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How to dynamically decide which one to terse and not?


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javen777

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PostPosted: Wed Dec 19, 2018 8:50 am
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Dear friends,

Currently i am going to implement a new function in system.
Which is to receive upstream data files and process them necessarily.

New Function Process Flow:
1.upstream files are generated in our MVS system.
2. Once each file is generated, it will trigger 1 OPC automatically to :
1) unterse the file if it was tersed, if not tersed then skip the unterse step.
2) After 1) , rename the file itself to our naming standard.


upstream file names are like:
FDCAP.WE.RECEIVED.W401F01.TERSED.FTP (terse file has TERSED in qualifiers)
FDCAP.PROD.D0000000.EXTFEED.G101F05.FTP
FDCAP.I.P1.FMSDC.G101.FTP
FDCAP.WS.W401F03.FEED

our naming standard:
TFMS.F.DD.USS.<SYSIDSRCID>

for example:
FDCAP.PROD.D0000000.EXTFEED.G101F05.FTP - >TFMS.F.DD.USS.G101F05
FDCAP.WS.W401F03.FEED ->TFMS.F.DD.USS.W401F03

Could you guys plz help on this?

Thank you very much
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enrico-sorichetti

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PostPosted: Wed Dec 19, 2018 9:12 am
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amaterse was never supposed to be a general use use utility,
it is not even described in the utilities reference manual

it is a service aid used to exchange information with the IBM support organisation

wiser to investigate a different approach

Quote:
unterse the file if it was tersed, if not tersed then skip the unterse step.

and anyway how are you going to determine if a dataset is tersed ?
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javen777

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PostPosted: Wed Dec 19, 2018 10:51 am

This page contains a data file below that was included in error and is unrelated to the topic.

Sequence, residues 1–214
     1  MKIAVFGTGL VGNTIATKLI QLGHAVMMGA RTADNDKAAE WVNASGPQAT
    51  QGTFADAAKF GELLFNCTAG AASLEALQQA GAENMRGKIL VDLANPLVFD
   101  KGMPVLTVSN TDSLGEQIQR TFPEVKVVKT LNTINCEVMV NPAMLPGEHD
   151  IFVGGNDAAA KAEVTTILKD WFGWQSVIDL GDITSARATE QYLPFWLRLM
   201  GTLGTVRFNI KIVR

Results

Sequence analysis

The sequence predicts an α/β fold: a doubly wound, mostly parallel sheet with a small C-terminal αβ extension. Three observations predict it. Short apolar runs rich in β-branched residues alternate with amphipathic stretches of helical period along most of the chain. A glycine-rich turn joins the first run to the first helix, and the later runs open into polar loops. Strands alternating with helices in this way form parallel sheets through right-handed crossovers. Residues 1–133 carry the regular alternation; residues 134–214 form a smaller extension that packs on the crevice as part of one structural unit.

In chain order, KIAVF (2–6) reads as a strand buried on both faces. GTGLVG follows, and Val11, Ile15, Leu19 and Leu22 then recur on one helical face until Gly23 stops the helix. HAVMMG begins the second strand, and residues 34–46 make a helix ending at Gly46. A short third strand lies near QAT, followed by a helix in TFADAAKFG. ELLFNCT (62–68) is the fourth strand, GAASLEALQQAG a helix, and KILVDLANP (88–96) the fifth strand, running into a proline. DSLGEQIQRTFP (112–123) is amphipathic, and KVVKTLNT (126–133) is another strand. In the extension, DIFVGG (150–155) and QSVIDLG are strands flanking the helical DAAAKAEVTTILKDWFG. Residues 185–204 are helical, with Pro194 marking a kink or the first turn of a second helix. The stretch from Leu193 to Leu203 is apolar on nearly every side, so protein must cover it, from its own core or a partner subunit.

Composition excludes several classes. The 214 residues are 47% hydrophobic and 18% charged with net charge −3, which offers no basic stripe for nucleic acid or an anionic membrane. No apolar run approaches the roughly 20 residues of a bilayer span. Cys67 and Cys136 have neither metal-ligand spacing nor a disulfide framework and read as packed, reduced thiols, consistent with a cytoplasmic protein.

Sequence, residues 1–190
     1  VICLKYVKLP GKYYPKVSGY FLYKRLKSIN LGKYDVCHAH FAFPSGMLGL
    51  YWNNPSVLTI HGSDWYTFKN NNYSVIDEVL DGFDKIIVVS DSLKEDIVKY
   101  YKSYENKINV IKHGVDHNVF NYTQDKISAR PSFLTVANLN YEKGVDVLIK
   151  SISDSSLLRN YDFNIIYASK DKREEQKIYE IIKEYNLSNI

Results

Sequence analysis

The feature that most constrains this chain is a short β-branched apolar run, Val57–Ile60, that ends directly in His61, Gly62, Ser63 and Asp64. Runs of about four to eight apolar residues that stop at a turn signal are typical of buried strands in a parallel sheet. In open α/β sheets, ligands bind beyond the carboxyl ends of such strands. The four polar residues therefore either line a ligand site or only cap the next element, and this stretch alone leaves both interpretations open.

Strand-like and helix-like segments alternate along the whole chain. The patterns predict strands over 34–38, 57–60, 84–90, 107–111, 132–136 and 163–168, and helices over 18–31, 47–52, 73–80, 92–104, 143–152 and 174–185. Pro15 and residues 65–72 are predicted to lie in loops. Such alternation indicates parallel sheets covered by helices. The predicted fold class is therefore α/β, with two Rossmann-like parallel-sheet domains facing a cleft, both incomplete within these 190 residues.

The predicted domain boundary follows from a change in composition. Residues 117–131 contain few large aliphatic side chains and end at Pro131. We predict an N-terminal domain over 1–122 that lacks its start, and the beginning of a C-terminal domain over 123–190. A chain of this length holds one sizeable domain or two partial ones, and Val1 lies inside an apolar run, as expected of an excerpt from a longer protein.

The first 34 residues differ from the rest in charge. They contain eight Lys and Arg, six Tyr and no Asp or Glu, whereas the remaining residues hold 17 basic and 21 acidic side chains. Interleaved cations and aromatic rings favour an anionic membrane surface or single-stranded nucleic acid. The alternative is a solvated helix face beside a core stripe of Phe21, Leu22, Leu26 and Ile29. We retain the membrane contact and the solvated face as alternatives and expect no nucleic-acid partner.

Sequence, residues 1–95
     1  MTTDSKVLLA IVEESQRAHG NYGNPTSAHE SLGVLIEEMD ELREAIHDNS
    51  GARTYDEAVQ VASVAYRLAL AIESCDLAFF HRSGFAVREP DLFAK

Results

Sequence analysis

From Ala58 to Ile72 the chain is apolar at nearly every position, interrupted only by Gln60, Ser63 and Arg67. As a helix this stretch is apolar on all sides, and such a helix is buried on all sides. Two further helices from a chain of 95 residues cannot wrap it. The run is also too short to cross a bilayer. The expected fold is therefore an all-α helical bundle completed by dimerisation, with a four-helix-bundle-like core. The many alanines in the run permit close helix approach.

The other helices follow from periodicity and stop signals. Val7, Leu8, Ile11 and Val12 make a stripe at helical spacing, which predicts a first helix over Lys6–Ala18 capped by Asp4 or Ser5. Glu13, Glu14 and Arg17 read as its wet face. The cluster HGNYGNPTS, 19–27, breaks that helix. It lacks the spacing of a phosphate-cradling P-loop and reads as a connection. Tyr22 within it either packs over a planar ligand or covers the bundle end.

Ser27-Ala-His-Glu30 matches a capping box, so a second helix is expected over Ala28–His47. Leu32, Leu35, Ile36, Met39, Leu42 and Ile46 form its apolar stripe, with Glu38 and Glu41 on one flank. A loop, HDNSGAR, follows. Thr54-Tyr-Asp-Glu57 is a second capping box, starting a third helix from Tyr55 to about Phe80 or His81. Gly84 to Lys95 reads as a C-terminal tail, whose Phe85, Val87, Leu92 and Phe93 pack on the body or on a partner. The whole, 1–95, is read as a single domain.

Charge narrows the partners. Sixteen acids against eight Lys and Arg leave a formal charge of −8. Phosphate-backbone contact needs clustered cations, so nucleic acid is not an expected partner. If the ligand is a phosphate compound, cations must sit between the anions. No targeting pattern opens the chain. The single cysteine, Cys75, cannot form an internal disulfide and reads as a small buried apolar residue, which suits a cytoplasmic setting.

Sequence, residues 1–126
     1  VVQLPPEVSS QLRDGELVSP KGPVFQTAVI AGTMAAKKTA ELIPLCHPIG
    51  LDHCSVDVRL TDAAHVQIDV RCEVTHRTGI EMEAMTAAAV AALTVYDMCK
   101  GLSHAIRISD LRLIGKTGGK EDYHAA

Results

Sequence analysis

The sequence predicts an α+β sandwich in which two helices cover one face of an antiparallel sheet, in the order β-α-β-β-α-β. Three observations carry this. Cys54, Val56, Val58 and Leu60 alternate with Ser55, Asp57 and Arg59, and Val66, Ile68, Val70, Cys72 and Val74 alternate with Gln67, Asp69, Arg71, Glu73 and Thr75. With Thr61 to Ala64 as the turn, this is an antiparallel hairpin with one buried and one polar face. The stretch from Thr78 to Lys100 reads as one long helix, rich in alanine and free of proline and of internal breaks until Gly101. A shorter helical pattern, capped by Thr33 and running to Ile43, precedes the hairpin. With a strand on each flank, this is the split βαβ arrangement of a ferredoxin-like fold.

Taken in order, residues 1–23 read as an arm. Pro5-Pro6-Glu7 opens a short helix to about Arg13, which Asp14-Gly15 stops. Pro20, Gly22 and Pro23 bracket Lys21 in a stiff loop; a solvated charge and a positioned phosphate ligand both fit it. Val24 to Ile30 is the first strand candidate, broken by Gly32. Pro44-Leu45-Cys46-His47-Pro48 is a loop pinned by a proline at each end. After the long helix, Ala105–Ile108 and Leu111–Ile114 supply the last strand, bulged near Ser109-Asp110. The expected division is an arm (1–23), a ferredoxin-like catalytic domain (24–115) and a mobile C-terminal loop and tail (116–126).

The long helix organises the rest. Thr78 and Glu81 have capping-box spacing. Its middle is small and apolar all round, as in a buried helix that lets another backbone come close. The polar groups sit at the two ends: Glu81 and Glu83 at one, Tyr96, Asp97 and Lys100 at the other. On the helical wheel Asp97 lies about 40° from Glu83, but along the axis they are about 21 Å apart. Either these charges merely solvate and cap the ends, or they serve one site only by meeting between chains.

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enrico-sorichetti wrote:
amaterse was never supposed to be a general use use utility,
it is not even described in the utilities reference manual

it is a service aid used to exchange information with the IBM support organisation

wiser to investigate a different approach

Quote:
unterse the file if it was tersed, if not tersed then skip the unterse step.

and anyway how are you going to determine if a dataset is tersed ?


unfortunately files are from upstream which are out of our control, otherwise it would not be a problem.

If a dataset is a tersed one, in dataset name there would be a qualifier as 'TERSED'

e.g. FDCAP.WE.RECEIVED.W401F01.TERSED.FTP
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steve-myers

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PostPosted: Wed Dec 19, 2018 10:54 am
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About the only semi reliable way to deduce if a file represents a class of main frame data set is to look at its data length.

Multiple of -
  • 1024 TERSE data set
  • 4160 SYS1.DUMPxx data set
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javen777

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PostPosted: Wed Dec 19, 2018 11:21 am
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steve-myers wrote:
About the only semi reliable way to deduce if a file represents a class of main frame data set is to look at its data length.

Multiple of -
  • 1024 TERSE data set
  • 4160 SYS1.DUMPxx data set


thanks Steve, but what if a non-tersed file length is also 1024?
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steve-myers

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PostPosted: Wed Dec 19, 2018 1:03 pm
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I did not say the method is 100% reliable. I just said it's the only method I know of that can serve as a guide. Mainframe data sets containing tersed data are always RECFM=FB, LRECL=1024
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prino
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PostPosted: Wed Dec 19, 2018 1:24 pm
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There is no, no, no, no (repeated ad infinitum) 100% reliable way other than to use AMATERSE to (try to) UNPACK the dataset. Just as I can create a dataset that seems to be ISPF PACKED by editing the first few bytes in HEX ON (and making it un-openable with the ISPF editor once it's saved), I can do the same with an FB/LRECL(1024) dataset, where the first 8(?) bytes of the first record contain information AMATERSE needs to properly UNPACK the dataset.

And if a Terse-Bomb can be made, UNPACKing an unknown file that looks like a TERSE'd one is not a good thing...
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javen777

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PostPosted: Wed Dec 19, 2018 1:29 pm
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prino wrote:
There is no, no, no, no (repeated ad infinitum) 100% reliable way other than to use AMATERSE to (try to) UNPACK the dataset. Just as I can create a dataset that seems to be ISPF PACKED by editing the first few bytes in HEX ON (and making it un-openable with the ISPF editor once it's saved), I can do the same with an FB/LRECL(1024) dataset, where the first 8(?) bytes of the first record contain information AMATERSE needs to properly UNPACK the dataset.